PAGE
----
More Subprime Side Effects?
When credit card borrowers have trouble paying their debts, issuers respond in a number of ways, but one of them is particularly surprising: they often extend more credit. According to the Boston Globe article Credit Card Companies Woo Struggling Mortgage-holders, issuers are extending this strategy to subprime homeowners as well. Globe staffer Robert Gavin reports on a study by Mintel International Group, which claims that as the subprime mortgage market continues to implode, credit card issuers are stepping in to offer more credit to struggling homeowners.
Or at least that’s what the headline says.
The reality seems to be a bit more subtle. I couldn’t obtain a copy of the study itself, so my understanding of it is based entirely on the Globe report. But even a close reading of the article indicates that the tie is not as clear as the headline makes it sound. The study appears to have found a strong correlation between the decline in the subprime housing market and an increase in credit card solicitations to subprime borrowers generally. Direct-mail solicitations to subprime borrowers were 41 percent higher in the first six months of 2007 than they were in the first half of 2006. At the same time, solicitations to the most credit-worthy consumers fell by 13 percent. And the numbers are even starker when you look at June of 2005.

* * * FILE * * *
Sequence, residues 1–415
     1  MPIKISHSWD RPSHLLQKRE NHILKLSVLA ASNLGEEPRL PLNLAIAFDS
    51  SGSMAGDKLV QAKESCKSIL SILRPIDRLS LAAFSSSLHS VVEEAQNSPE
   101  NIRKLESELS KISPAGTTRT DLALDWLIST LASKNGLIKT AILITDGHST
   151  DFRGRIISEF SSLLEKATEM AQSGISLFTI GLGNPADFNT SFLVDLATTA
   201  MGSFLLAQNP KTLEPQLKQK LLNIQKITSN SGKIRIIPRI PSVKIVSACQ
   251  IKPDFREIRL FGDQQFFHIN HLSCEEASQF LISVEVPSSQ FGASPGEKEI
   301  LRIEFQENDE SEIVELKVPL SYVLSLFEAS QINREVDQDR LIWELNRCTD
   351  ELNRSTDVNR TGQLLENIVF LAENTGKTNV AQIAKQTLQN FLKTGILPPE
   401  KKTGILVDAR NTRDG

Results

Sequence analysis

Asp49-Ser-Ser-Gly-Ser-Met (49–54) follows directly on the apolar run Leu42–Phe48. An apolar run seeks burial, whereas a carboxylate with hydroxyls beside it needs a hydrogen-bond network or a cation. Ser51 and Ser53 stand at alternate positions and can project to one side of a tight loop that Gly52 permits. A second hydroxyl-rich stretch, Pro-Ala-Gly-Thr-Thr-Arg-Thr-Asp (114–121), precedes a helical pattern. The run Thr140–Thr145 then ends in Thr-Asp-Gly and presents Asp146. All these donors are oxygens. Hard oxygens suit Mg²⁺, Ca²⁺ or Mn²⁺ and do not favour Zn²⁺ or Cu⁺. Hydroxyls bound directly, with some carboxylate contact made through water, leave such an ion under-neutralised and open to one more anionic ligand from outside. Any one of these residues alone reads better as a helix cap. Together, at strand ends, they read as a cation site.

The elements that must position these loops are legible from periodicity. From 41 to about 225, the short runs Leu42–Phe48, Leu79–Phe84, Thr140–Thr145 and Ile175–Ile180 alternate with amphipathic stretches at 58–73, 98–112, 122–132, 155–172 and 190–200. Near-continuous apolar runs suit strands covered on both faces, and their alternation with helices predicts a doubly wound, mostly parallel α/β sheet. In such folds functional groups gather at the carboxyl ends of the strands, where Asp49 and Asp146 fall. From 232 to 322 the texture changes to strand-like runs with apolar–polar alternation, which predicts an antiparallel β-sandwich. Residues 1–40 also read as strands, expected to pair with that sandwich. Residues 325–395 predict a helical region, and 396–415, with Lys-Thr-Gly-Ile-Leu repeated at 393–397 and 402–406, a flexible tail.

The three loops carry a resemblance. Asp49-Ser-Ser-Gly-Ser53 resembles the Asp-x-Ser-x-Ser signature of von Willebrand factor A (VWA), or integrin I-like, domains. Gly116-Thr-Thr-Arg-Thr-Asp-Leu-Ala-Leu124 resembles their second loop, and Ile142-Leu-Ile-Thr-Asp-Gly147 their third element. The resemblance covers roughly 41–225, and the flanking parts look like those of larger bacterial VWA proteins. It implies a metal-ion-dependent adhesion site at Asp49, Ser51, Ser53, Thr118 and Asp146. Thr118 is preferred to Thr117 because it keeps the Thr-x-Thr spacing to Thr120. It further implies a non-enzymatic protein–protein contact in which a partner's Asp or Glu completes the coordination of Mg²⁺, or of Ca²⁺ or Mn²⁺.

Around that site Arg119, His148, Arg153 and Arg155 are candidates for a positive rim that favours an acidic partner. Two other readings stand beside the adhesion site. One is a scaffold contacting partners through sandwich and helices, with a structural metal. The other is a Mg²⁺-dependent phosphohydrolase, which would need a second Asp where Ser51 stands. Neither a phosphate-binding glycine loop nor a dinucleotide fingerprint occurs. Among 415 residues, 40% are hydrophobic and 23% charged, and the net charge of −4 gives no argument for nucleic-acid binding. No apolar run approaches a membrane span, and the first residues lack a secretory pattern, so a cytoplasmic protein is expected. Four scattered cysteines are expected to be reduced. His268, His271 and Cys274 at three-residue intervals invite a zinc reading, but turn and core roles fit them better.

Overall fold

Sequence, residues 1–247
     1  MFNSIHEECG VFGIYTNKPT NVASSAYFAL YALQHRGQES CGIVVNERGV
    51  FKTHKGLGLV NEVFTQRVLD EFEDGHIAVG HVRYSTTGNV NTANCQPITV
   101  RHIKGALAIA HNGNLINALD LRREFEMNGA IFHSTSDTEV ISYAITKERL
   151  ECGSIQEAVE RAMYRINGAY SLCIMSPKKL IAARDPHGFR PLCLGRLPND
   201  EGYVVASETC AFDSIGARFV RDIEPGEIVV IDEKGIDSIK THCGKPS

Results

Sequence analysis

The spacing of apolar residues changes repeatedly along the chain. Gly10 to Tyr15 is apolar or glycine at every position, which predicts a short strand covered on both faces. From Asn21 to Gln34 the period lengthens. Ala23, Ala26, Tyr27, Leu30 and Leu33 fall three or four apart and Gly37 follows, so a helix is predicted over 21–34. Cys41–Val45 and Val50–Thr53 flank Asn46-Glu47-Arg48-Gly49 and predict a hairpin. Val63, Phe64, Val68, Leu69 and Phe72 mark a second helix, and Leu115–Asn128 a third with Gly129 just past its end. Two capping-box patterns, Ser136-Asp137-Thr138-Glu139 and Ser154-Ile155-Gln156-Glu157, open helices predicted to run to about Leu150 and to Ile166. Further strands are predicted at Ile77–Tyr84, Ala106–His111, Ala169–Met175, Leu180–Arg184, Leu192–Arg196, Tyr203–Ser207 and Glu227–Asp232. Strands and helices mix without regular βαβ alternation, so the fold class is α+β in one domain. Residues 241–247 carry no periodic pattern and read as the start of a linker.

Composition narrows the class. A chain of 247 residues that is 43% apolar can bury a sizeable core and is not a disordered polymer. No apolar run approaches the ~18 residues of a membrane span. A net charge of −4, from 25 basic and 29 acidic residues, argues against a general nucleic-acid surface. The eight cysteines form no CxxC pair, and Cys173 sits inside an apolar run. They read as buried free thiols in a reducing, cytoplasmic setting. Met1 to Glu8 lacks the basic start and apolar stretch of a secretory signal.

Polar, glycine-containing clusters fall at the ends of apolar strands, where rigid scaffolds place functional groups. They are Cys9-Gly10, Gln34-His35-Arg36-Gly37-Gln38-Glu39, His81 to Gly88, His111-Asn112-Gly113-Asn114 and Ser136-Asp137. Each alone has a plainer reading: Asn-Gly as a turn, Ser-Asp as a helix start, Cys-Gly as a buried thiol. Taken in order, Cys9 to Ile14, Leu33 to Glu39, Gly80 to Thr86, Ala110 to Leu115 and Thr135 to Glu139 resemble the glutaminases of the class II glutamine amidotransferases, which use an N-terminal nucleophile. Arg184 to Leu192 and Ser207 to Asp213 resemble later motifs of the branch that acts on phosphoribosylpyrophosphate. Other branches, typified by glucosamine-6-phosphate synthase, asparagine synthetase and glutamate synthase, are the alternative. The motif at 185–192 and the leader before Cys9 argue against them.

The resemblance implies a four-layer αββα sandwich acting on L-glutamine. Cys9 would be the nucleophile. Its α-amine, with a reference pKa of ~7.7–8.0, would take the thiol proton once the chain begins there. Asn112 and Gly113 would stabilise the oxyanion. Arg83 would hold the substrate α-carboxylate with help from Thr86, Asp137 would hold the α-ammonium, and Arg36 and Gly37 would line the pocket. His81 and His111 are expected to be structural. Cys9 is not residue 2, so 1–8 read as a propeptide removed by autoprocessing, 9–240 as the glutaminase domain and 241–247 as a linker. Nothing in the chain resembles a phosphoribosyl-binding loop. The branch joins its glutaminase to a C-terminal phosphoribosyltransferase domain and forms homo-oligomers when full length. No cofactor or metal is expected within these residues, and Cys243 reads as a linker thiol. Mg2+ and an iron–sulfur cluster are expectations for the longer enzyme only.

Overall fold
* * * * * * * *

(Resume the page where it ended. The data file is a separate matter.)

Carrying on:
This is indeed fascinating. But it’s not conclusive. These results appear to apply to all subprime borrowers. What the study did not seem to find is that borrowers struggling with subprime mortgages were singled out. As it stands, there’s another event that could explain these findings equally well – the U.S. bankruptcy law that went into effect in October of 2005. It could be the case that issuers are still adjusting their solicitation volume to account for the newly weakened bankruptcy protections available to their defaulting customers. On the other hand, issuers may very well also be hoping to cash in on the subprime mortgage crisis by providing cash for those who can no longer draw on their home equity or by encouraging struggling homeowners to use credit card debt to bridge the gap in their mortgage payments. Only a study specifically focused on subprime homeowners will tell.